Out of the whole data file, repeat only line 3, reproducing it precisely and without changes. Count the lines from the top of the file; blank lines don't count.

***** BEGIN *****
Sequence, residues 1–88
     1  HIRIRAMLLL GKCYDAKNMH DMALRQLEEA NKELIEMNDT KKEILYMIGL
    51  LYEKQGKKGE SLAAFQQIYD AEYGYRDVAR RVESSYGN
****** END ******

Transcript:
    51  LYEKQGKKGE SLAAFQQIYD AEYGYRDVAR RVESSYGN